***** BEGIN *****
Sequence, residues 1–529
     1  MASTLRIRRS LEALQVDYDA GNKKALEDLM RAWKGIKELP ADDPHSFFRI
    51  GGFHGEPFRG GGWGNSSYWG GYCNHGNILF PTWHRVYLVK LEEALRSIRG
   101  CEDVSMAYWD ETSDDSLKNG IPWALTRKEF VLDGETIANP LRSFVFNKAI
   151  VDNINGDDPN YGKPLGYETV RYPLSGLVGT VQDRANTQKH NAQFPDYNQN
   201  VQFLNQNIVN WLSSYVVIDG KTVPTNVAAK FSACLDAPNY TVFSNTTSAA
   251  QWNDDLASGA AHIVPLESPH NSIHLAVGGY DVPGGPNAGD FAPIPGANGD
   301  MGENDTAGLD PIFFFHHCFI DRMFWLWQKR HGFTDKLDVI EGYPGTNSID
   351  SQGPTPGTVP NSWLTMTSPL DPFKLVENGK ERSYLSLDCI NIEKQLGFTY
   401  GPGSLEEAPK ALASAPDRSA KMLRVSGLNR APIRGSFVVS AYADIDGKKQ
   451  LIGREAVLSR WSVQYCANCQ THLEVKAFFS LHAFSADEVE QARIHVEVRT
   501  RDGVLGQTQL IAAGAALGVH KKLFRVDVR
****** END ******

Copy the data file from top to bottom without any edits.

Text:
Sequence, residues 1–529
     1  MASTLRIRRS LEALQVDYDA GNKKALEDLM RAWKGIKELP ADDPHSFFRI
    51  GGFHGEPFRG GGWGNSSYWG GYCNHGNILF PTWHRVYLVK LEEALRSIRG
   101  CEDVSMAYWD ETSDDSLKNG IPWALTRKEF VLDGETIANP LRSFVFNKAI
   151  VDNINGDDPN YGKPLGYETV RYPLSGLVGT VQDRANTQKH NAQFPDYNQN
   201  VQFLNQNIVN WLSSYVVIDG KTVPTNVAAK FSACLDAPNY TVFSNTTSAA
   251  QWNDDLASGA AHIVPLESPH NSIHLAVGGY DVPGGPNAGD FAPIPGANGD
   301  MGENDTAGLD PIFFFHHCFI DRMFWLWQKR HGFTDKLDVI EGYPGTNSID
   351  SQGPTPGTVP NSWLTMTSPL DPFKLVENGK ERSYLSLDCI NIEKQLGFTY
   401  GPGSLEEAPK ALASAPDRSA KMLRVSGLNR APIRGSFVVS AYADIDGKKQ
   451  LIGREAVLSR WSVQYCANCQ THLEVKAFFS LHAFSADEVE QARIHVEVRT
   501  RDGVLGQTQL IAAGAALGVH KKLFRVDVR